photo Wang, Dezheng
Professor of Chemical Engineering
Ph.D. 1982, Yale University
Phone: 86 10 6279-4467
Fax: 86 10 6277-2051

Chinese version


Chemical Kinetics and Heterogeneous Catalysis

The goal of our research is to characterize the chemical kinetics of heterogeneously catalyzed reactions at the level that can provide a basis for the use of the reaction mechanism in chemical reaction engineering. Conventional kinetics characterization developed with the usual laboratory reactors use the power-law or Langmuir-Hinshelwood form that entails non-uniqueness of the underlying reaction mechanism. With these kinds of kinetics, it is not safe to extrapolate experimental kinetics data to different reaction conditions. We are interested in developing experimental and computational techniques to characterize reaction kinetics at the elementary step level ("elementary step level" as loosely defined in heterogeneous catalysis). The techniques we have developed are used for the characterization of active sites and diffusivities, and we further include the use of results in the literature that were obtained using surface science and molecular spectroscopic techniques to develop our own version of the mathematical description of the microkinetics, active site, and diffusivity characteristics of industrial chemical processes to provide mechanistic insights in the chemical reaction engineering.
   From another application point of view, the understanding of the catalytic chemistry is very useful for catalyst development.
   Challenges in the study of complex reaction systems include
reaction species identification, rate parameter measurements and kinetic parameter estimation, and the development of tools for their high precision ("high precision" as loosely defined in heterogeneous catalytic kinetic) modeling.

Simulation of surface reactions 
Solid catalysts use gas mixtures for their reactions, so calculating the surface concentrations of mixed components is important. The textbooks teach using the multicomponent Langmuir isotherm (MLI) for competitive adsorption for this. But MLI calculations can differ from those using equations that include the relationships of solution thermodynamics, e.g., ideal adsorbed solution theory (IAST), which use Raoult’s Law for relating gas and adsorbed compositions. Despite this, the MLI is used in heterogeneous catalytic kinetics because it happens to be consistent with the IAST when the monolayer capacity is the same for all species. For competitive adsorption on many adsorbents, the monolayer capacity or site density would be the same for all species, and the MLI can be validly used.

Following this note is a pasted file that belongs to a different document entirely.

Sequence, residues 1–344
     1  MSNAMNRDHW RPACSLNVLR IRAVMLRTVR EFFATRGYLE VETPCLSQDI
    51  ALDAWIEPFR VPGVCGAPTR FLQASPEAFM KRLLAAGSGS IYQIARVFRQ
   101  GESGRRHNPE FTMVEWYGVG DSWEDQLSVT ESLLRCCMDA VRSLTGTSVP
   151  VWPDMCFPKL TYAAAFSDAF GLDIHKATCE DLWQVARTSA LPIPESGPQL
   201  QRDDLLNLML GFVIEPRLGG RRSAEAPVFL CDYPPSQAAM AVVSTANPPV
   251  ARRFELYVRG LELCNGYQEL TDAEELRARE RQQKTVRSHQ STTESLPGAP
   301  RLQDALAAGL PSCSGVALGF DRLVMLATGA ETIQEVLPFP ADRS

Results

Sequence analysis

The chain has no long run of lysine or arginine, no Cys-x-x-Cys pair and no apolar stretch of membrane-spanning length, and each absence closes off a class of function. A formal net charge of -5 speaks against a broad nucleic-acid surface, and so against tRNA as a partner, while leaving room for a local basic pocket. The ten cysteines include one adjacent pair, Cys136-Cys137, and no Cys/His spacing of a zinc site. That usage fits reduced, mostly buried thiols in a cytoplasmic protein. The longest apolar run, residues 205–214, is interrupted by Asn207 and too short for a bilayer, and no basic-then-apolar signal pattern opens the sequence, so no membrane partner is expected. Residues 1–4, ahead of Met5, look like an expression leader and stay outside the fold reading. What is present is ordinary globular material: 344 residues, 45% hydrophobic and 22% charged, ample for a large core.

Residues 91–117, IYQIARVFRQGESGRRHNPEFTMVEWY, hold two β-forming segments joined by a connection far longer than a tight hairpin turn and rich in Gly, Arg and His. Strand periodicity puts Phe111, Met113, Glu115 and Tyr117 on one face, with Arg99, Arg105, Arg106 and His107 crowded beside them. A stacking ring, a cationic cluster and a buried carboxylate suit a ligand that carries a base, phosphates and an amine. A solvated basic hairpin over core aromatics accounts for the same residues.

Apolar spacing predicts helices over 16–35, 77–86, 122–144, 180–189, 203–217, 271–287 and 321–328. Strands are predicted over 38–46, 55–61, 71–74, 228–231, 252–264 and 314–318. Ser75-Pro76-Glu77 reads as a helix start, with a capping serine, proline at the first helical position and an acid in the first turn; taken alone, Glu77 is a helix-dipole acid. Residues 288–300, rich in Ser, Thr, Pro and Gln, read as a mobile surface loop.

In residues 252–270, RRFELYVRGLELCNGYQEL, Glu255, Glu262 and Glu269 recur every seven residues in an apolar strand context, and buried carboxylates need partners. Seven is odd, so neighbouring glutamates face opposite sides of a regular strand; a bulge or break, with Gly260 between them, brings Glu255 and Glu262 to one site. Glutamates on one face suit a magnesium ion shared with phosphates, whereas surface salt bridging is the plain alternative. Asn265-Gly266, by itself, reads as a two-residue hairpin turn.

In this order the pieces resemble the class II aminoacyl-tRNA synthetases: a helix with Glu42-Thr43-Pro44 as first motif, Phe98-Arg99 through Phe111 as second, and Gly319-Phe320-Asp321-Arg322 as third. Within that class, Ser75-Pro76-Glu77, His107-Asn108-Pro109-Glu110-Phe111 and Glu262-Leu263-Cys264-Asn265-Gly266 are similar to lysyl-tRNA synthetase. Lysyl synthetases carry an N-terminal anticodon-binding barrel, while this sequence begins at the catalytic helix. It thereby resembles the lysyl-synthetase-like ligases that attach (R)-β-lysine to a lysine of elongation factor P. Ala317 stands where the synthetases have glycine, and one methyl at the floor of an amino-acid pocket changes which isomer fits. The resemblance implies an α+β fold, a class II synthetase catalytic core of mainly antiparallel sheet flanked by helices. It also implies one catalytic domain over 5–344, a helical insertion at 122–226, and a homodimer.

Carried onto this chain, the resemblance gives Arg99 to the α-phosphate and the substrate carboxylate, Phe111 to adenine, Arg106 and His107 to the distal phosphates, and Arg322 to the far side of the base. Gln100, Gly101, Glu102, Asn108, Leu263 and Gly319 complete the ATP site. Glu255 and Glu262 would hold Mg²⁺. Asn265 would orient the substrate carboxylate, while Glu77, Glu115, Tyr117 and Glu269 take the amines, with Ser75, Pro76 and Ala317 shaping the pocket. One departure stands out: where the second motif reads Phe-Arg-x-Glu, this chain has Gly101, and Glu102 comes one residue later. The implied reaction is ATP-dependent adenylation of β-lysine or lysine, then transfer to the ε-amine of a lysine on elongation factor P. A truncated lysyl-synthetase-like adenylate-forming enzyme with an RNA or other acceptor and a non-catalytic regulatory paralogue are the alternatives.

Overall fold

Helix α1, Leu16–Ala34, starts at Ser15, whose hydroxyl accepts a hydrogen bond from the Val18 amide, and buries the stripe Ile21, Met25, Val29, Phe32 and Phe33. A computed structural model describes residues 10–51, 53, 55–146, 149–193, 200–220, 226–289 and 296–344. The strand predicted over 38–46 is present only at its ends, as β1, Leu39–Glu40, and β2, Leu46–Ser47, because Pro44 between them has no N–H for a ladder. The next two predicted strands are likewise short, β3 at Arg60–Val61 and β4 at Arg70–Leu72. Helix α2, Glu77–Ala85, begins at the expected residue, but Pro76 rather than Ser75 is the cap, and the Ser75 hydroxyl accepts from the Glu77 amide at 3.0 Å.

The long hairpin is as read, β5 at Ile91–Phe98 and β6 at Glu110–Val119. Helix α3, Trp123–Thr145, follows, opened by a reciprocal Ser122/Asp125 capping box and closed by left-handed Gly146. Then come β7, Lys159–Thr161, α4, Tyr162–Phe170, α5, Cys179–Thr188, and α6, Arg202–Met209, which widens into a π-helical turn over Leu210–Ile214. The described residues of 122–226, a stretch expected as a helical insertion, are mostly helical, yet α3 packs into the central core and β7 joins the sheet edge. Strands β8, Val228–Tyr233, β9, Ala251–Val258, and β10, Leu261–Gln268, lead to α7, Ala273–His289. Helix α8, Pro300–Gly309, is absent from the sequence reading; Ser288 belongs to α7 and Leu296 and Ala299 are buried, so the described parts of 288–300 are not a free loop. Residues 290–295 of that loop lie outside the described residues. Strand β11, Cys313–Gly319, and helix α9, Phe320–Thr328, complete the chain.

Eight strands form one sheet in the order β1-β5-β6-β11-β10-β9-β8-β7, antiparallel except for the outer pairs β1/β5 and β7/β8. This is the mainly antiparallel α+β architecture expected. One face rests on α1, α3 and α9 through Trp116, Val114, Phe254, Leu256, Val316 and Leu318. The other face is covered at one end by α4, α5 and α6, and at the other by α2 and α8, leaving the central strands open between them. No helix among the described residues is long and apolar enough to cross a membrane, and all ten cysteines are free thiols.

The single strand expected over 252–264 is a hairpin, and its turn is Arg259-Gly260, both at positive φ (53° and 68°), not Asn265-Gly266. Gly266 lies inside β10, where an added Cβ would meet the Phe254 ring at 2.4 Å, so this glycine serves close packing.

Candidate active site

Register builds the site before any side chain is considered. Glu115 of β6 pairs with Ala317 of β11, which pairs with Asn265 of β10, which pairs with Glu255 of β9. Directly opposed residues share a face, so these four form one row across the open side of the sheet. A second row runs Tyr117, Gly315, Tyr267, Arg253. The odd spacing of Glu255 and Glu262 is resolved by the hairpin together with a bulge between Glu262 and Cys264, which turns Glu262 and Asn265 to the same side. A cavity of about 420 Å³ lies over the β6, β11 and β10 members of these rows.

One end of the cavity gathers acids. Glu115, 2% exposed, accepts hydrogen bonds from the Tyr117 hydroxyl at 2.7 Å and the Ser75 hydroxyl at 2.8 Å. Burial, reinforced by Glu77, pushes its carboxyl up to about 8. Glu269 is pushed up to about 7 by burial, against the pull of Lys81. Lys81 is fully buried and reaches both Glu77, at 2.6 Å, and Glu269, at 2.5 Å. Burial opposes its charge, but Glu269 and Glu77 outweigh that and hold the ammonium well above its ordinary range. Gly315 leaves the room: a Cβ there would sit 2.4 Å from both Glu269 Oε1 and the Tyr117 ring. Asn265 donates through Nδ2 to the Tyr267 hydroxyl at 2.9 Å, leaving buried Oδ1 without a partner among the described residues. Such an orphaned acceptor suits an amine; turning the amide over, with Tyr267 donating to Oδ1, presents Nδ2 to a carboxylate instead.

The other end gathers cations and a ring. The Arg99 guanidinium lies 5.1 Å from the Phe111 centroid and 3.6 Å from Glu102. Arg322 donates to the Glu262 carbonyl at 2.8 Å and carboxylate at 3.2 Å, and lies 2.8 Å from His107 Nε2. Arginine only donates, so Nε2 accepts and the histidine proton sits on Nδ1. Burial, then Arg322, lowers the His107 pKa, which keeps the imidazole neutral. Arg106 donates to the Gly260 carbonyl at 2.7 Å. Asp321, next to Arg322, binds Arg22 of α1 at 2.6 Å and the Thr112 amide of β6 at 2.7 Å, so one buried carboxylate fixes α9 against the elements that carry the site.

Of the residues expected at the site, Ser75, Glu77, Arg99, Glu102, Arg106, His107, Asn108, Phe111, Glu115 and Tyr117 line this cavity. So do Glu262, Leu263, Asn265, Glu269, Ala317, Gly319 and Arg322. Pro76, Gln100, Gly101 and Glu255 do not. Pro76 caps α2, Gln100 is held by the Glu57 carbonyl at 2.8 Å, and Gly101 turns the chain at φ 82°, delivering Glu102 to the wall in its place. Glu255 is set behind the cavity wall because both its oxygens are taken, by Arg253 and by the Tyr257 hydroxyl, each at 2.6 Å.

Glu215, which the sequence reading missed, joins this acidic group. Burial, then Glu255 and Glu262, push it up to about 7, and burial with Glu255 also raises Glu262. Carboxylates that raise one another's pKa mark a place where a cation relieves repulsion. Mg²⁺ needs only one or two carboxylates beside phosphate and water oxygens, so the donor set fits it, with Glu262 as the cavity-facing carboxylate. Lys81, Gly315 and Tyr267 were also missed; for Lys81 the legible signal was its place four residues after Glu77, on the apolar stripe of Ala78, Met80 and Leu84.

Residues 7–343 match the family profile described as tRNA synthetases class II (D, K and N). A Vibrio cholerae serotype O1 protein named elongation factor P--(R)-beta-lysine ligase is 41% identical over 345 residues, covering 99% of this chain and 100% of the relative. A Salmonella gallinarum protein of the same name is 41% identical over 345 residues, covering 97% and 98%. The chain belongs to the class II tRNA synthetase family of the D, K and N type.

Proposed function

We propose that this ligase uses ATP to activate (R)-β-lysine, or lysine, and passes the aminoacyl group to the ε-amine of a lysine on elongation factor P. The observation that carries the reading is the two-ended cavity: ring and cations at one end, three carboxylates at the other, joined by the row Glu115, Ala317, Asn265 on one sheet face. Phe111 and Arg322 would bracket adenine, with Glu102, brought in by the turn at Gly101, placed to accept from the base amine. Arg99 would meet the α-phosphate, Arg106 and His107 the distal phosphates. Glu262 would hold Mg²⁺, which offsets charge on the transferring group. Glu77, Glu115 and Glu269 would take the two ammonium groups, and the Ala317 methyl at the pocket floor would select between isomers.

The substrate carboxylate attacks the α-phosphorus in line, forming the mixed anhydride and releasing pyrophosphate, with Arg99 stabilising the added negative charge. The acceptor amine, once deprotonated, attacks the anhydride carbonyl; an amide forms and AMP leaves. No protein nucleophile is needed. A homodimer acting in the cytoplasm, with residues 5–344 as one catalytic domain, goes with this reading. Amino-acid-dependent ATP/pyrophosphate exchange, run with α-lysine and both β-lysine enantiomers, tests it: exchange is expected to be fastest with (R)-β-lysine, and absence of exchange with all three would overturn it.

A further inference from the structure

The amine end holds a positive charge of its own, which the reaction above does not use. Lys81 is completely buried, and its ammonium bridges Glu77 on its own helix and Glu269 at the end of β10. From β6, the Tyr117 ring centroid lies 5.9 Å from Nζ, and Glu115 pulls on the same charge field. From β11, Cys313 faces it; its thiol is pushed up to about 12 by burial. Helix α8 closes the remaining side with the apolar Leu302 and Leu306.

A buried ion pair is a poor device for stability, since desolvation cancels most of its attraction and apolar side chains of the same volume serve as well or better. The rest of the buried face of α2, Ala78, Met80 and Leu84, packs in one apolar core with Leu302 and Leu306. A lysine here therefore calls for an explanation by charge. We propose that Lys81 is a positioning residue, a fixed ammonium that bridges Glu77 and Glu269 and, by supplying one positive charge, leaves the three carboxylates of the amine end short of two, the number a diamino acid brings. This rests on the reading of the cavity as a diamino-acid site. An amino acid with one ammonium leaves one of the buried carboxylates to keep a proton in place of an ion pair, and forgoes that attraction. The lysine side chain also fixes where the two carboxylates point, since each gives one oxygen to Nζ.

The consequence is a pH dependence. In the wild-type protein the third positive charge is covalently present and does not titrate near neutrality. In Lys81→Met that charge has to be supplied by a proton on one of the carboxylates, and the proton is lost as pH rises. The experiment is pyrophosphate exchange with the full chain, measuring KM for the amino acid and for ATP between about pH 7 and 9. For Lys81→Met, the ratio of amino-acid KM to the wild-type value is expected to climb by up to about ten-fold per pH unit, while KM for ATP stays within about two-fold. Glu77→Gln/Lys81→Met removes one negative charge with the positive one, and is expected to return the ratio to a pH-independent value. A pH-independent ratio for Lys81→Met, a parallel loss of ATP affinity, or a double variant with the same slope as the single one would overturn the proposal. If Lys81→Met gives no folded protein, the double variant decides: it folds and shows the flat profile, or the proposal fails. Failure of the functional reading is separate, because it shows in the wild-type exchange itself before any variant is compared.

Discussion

Our recent work showed that even when the site density for all species is the same, the MLI surface concentrations are not the same as the IAST surface concentrations when the adsorbent is a zeolite. This is due to that there is no free gas movement in the zeolite such as exist over an open surface. The confinement of molecules inside the zeolite results in additional physisorbed species that do not exist on an open surface. The space above an open surface allows physisorbed species to desorb and thus its weakly physisorbed concentration will be negligibly low. In contrast, in a zeolite the adsorption of many more molecules than there are acid sites is well known. An aspect of this that our work seeks to generalize is that the adsorption of molecules proceeds in two distinct phases, and that due to this, the MLI gives wrong surface concentrations.

Selected Publications:

"The significance of a second adsorption phase with weakly adsorbed species for the calculation of the surface concentrations of a mixture: methanol-DME and methanol-ethene adsorption in SAPO-34," F Wang, Y Kobayashi, YX Li, Y Wang, DZ Wang, Research on Chemical Intermediates, 41(4), 2015; DOI 10.1007/s11164-015-1981-x.

"A microscopic model of the Tian-Calvet microcalorimeter, cell design for a faster response, and measurement by a continuous procedure," Y Kobayashi, F Wang, QX Li, DZ Wang, Review of Scientific Instruments, 85,
034101, 2014.

"Differences in the methanol-to-olefins reaction catalyzed by SAPO-34 with dimethyl ether as reactant," YX Li, MY Zhang, DZ Wang, F Wei, Y Wang, Journal of Catalysis, 311, 281, 2014.

"Experimental study and kinetics modeling of partial oxidation reactions in heavily sooting laminar premixed methane flames," QX Li, TF Wang, YF Liu, DZ Wang, Chemical Engineering Journal, 207-208, 235, 2012.

Updated: 29/03/15


Tsinghua University

Department of Chemical Enginering